Sen. Chuck Grassley visits with voters about the Farm Bill gridlock in Washington.
CARROLL, Iowa (KTIV) -
One of the top priorities for members of the U.S House will be the farm bill when lawmakers return from their August recess on September 10th.
A version passed the Senate before the August recess. But, the House didn't debate it's own version before lawmakers left town. Now, the clock is ticking to pass the new bill, or an extension of the existing one.
As Republican Senator Chuck Grassley, of Iowa, travels the state to visit all 99 counties, the conversation in corn and bean country usually turns to the farm bill. The Senate did its part by passing its version in July. But, the full House has yet to debate it. And, Grassley says something has to be done soon. Sen. Charles Grassley, (R) Iowa says "It's very, very important that it pass, not before the election, but before September 30th." That's when the current farm bill expires.
If that happens, Grassley says, policy will turn back the hands of time for farmers. Sen. Charles Grassley, (R) Iowa says, "Every farm bill since the 1950s has been an amendment to the 1949 farm bill. Now when the 2008 farm bill sunsets, then you go back to 1949. Obviously 1949 farm legislation isn't applicable to the 21st century."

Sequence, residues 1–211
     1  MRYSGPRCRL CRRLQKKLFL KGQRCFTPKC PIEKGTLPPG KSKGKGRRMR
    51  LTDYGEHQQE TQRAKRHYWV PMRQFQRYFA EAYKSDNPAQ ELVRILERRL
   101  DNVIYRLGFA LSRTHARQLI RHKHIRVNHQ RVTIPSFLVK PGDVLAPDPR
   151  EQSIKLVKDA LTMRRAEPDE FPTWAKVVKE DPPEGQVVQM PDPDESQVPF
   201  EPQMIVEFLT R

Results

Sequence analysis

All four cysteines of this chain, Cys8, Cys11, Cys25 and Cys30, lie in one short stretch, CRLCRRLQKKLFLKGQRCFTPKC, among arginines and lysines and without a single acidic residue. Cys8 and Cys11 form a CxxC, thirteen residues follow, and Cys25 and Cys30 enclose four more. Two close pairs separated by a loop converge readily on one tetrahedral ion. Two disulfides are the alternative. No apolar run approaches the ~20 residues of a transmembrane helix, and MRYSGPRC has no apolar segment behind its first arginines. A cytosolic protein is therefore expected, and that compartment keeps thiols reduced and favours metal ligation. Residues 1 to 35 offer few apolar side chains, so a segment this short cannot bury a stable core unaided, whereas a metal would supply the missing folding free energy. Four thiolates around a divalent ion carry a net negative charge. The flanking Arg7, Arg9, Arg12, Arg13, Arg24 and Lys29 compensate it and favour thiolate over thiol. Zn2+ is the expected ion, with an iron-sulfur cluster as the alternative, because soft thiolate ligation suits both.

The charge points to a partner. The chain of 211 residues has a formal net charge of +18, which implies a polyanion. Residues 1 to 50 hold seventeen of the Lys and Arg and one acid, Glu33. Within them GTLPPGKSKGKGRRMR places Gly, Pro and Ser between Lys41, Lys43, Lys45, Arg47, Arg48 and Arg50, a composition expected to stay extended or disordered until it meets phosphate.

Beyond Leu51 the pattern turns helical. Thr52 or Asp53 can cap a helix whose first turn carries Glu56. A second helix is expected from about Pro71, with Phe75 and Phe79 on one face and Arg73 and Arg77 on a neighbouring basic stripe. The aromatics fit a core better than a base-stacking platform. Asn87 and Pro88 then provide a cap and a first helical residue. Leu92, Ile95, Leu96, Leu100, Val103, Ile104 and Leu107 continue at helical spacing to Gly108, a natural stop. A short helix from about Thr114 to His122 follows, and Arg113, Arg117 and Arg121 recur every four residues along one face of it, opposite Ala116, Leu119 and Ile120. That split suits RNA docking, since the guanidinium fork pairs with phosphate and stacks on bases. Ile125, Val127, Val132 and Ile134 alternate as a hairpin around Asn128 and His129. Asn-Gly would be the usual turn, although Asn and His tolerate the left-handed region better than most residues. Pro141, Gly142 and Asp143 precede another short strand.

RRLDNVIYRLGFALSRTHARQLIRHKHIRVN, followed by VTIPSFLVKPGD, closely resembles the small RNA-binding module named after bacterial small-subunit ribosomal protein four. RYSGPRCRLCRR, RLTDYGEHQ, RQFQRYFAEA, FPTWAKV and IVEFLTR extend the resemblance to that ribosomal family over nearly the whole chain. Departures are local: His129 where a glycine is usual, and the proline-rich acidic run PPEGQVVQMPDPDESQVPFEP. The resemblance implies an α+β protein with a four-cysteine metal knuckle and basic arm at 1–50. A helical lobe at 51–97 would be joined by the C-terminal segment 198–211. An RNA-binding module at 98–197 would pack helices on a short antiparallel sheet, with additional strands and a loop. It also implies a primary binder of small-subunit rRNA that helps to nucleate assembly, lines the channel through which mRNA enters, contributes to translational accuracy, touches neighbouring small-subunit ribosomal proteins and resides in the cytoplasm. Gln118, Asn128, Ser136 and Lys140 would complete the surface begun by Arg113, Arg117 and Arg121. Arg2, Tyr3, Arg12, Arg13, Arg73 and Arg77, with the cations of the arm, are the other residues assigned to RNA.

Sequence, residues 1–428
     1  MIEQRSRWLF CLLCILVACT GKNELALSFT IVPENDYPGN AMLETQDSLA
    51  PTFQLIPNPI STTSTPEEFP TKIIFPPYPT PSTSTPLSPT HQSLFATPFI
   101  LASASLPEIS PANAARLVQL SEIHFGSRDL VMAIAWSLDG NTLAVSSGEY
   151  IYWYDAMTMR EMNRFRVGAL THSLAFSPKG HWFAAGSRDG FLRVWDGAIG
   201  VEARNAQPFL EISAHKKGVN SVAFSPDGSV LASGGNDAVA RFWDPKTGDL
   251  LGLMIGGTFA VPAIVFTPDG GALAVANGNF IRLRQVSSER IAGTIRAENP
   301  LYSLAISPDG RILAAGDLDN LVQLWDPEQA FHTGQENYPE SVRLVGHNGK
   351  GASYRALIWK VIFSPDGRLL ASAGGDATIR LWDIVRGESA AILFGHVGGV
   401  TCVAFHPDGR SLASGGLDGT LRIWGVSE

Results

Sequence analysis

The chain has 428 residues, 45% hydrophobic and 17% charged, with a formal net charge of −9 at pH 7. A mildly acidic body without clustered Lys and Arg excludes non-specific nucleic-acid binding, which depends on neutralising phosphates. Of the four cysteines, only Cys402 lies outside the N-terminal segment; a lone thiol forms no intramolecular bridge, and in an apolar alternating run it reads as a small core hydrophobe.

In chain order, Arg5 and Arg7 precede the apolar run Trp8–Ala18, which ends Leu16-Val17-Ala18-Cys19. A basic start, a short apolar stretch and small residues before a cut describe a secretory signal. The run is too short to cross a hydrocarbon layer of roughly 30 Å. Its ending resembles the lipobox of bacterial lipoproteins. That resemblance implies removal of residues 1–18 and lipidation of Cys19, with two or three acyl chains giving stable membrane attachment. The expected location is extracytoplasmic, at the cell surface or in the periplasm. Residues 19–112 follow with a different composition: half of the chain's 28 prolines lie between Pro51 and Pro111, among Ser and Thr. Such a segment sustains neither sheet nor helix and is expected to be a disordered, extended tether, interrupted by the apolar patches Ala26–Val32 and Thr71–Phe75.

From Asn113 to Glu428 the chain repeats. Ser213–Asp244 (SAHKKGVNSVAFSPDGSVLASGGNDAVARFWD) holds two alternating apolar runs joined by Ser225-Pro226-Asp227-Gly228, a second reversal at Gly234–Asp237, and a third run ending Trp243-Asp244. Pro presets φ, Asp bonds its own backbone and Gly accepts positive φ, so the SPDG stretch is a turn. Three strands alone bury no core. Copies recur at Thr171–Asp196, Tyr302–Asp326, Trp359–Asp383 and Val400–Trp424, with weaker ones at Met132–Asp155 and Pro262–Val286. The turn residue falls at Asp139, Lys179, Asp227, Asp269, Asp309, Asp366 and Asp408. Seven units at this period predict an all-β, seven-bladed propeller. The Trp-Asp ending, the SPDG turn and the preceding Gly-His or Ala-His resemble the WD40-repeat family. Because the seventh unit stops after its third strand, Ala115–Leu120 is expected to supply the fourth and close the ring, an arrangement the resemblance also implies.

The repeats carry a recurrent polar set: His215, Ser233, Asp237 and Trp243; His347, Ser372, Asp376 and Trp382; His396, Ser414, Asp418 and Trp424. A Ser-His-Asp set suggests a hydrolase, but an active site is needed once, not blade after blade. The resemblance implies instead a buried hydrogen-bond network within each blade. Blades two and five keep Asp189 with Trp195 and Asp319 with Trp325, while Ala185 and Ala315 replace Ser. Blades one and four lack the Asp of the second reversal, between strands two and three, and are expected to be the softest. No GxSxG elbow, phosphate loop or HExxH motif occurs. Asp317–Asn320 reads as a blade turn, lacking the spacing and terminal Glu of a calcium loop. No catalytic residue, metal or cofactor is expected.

As Grassley sees it, the House has only two choices... pass a one-year extension of the current bill, or pass the proposed 5-year bill. Congresswoman Kristi Noem prefers that latter. Rep. Kristi Noem, (R) South Dakota says, "Our farmers deserve the certainty that the five-year bill can bring."
That said, there's still disagreement. Sen. John Thune, (R) South Dakota says, "You've got Republicans, who say it spends too much, and you've got Democrats who say it doesn't spend enough particularly in the area of food stamps." 80% of the farm bill pays for food stamps, or what's called SNAP... the supplemental nutrition assistance program. Thune calls the bill a "tough needle to thread" through the House. Sen. John Thune, (R) South Dakota says, "What's holding it up, I think, is that they don't have the votes to pass it."
But, there's movement, Grassley says. Sen. Charles Grassley, (R) Iowa says "There's more of a consensus this year over what needs to be done, and I think it can be done during that period of time." How much time? When lawmakers come back September 10th, they'll have just 20 calendar days to get something done.
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